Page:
The real work begins now on climate change

Passing legislation was only a first step

THIS SPRING, as flowers and trees begin to bloom in New England, our clean energy industry is also ready to blossom after decades of delays and setbacks.

Last month Gov. Charlie Baker signed one of the strongest climate bills in the nation, committing to reduce emissions 50 percent by 2030 and achieve carbon neutrality by 2050. Boston, Massachusetts’ largest city, launched a municipal energy program to expand access to renewable energy for residents, including low-income families, and is considering nation-leading regulations to address carbon emissions from our biggest source – large buildings. Worcester has committed to 100 percent renewable energy by 2045.  Even smaller towns across the Commonwealth, like Arlington, Melrose, and Natick, are developing plans for net-zero emissions by 2050.

Our private sector is also stepping up with major hospitals such as Mass General Brigham and Boston Medical Center committing to “do no harm” by setting ambitious carbon neutrality goals.  Even resource-constrained nonprofits like Mass Audubon have been leading by example for years through purchasing green electricity, installing solar on-site, and implementing other initiatives that have cut their carbon emissions by 50 percent since 2003.

All of this adds up to Massachusetts committing to do our part to meet or exceed the goals of the historic Paris climate agreement, which President Biden rejoined earlier this year.

There is much to celebrate this spring, but as any farmer will tell you, spring is when the hard work really starts. And when it comes to tackling climate change, that has never been more true. Globally, pollution levels aren’t falling nearly fast enough to prevent the worst impacts of climate change – extreme storms, droughts, heatwaves, and rising sea levels to name a few. Years of inaction or worse under the previous administration have left us badly behind where we need to be.

That is why it is so important that the Biden administration is moving forward with permitting the Vineyard Wind project off of New England’s shores as a first step toward the goal of installing 30 gigawatts of offshore wind by 2030. These new offshore wind farms will create huge amounts of affordable clean electricity and will be a powerful new tool to achieve our carbon goals. The benefits extend well beyond decarbonization. Developing offshore wind at scale will make our region healthier by replacing polluting power plants that contribute to heart and lung disease with the most cost-effective source of clean energy available in New England.  And ,as an added bonus, economic development will soar through new jobs, new businesses, and new investments to our region which will be brought in in an equitable manner thanks to the new legislation.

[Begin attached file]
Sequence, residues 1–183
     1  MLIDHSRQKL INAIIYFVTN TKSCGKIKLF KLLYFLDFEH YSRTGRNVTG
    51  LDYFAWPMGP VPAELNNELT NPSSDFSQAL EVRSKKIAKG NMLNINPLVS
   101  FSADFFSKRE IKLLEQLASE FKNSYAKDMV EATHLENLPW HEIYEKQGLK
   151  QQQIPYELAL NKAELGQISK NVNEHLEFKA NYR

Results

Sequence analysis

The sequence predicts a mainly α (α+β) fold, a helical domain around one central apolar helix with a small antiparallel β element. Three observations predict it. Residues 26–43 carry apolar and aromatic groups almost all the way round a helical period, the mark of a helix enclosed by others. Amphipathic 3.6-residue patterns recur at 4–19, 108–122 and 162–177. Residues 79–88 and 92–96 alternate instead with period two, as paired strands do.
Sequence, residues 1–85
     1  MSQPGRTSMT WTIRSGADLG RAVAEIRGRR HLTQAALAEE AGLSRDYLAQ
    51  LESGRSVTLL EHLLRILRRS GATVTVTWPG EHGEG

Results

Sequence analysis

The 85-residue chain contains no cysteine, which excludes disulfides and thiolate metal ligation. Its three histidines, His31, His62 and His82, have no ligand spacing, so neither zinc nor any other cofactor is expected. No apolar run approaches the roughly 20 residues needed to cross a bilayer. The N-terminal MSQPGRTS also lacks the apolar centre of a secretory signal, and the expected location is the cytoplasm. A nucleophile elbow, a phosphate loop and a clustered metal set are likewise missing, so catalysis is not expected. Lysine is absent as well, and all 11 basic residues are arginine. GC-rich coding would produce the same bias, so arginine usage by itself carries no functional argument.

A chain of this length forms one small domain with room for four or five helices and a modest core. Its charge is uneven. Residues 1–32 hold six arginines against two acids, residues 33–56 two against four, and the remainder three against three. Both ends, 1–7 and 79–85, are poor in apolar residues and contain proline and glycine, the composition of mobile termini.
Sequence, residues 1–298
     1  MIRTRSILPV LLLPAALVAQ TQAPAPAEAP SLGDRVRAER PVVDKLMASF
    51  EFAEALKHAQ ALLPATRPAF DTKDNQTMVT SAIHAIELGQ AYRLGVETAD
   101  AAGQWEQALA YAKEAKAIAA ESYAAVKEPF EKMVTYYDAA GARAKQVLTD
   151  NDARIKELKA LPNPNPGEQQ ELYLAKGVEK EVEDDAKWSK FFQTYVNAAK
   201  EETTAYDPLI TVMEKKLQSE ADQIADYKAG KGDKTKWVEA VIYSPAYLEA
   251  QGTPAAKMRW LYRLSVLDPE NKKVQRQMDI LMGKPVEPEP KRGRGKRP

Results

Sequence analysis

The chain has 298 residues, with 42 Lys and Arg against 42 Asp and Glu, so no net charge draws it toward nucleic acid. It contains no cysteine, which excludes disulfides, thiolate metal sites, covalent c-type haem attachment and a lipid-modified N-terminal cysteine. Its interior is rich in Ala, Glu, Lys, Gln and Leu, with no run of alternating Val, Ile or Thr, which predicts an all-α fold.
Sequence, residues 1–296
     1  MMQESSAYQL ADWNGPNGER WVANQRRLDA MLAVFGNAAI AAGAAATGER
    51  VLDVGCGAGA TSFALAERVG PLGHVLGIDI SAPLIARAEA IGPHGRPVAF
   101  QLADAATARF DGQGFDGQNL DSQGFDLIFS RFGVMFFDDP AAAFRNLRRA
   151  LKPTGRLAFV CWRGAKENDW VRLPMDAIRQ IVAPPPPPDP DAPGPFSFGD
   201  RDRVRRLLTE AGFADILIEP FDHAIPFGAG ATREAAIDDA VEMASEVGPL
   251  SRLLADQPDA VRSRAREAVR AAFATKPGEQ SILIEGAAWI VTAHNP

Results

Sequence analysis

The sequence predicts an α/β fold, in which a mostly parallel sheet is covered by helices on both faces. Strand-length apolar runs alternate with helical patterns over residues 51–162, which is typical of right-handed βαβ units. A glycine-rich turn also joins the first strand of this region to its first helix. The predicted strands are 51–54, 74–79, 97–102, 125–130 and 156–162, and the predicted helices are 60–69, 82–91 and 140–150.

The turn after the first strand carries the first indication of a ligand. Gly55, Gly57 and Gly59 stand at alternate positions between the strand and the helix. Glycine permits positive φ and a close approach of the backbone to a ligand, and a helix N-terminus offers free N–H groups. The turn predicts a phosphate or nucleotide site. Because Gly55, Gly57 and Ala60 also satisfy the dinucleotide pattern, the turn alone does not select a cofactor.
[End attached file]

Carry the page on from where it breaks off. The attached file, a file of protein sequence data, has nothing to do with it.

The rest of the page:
This is a tremendous opportunity to make a big positive change for our health, economy, and our environment at a critical time for all three. To take full advantage, it must be done right. That means developing the resource responsibly to protect our vital ocean ecosystems, investing in workforce development to ensure that the economic benefits extend to communities of color that are too often shut out from economic opportunity, and investing in the infrastructure to establish our region as the hub of this new industry.

Meet the Author

Winston Vaughan

Massachusetts director, Health Care Without Harm
Meet the Author
It also means leveraging the power of private sector actors to drive the growth of offshore wind and the pace of decarbonization. While it is important that our utilities buy into offshore wind, as mandated by the state, we can and must go further. Many businesses and nonprofits in our state already go outside of their utility to source electricity to achieve their financial and environmental goals, and with the rise of municipal aggregations, such as Boston’s Community Choice Energy program, many communities are doing the same. Open access to low-cost offshore wind will help unleash the full power of our businesses, institutions, and communities to achieve our climate goals, and help ensure that everyone can contribute to, and benefit from, the clean energy revolution blooming off our coast.

Winston Vaughan is Massachusetts director of Health Care Without Harm and Heather Takle is CEO of Power Options.